Riding on the success of Kanye’s My Beautiful Dark Twisted Fantasy, two of the most critically and commercially successful rappers of all time have come together to record a collaborative record, Watch The Throne. But where the former succeeded, this album falls flat on its face. Gone is the flow and cohesion that poured out of Dark Twisted Fantasy; gone is 95% of the emotion and 100% of the killer verses.
Watch The Throne has ambition. It is blatant that Kanye is trying to carry over his trademark highly dense production style to this collaboration. Samples from all sorts of genres are flying in from left, right, and centre as Kanye and Jay-Z lazily rap over the top of them. The production is brilliant, no doubt. But the problem, unfortunately, is the rapping. Unlike the clever, intricate rhyming structures that we know both rappers are capable of, Watch The Throne seems to be constructed of boring monosyllabic rhymes and effortlessly (not in a good way) written lyrics, for the better part of the album with no deeper meaning to them at all. Both Kanye and Jay-Z have become complacent – on this album we have two of the greatest rappers in music, and all they can do is talk about how brilliant they are, which is a shame.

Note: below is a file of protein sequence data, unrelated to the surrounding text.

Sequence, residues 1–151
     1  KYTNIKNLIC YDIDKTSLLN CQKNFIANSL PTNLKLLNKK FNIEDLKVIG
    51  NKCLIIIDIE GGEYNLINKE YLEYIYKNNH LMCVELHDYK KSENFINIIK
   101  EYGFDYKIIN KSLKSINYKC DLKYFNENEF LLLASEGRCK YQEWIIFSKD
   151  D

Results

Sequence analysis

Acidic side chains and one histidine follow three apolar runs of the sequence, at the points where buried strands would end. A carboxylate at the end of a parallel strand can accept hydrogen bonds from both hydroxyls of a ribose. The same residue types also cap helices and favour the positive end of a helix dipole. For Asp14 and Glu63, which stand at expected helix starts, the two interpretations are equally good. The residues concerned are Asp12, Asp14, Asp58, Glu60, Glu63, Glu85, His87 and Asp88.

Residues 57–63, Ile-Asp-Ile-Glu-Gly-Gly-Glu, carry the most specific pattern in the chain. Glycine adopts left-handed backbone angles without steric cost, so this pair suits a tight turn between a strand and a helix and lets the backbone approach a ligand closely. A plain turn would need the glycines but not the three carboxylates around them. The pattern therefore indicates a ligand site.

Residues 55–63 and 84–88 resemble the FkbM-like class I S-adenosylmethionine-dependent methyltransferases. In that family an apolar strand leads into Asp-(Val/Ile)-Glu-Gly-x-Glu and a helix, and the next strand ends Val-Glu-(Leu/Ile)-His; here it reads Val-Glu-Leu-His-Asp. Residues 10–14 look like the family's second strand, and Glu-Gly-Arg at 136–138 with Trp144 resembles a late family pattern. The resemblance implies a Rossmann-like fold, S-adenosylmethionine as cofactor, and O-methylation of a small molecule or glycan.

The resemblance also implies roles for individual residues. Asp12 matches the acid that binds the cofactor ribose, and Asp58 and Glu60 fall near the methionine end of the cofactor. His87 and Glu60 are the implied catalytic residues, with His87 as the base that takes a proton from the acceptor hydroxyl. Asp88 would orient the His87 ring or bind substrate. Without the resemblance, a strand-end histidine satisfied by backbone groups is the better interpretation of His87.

There is never really any true chemistry between the two, either. Jay-Z and Kanye both have their own verses and songs, but very rarely do they rap together, playing off each other’s rhymes. The final product is an album which sounds mostly like Kanye recorded some songs, Jay-Z record some songs, and someone mixed them up and put them in random order.
Props go to a few songs, such as “Otis”, but for the better part Watch The Throne is what happens when two of the most famous and successful musicians in the world get together and let their egos absorb them, resulting in a complacent, self-righteous mess.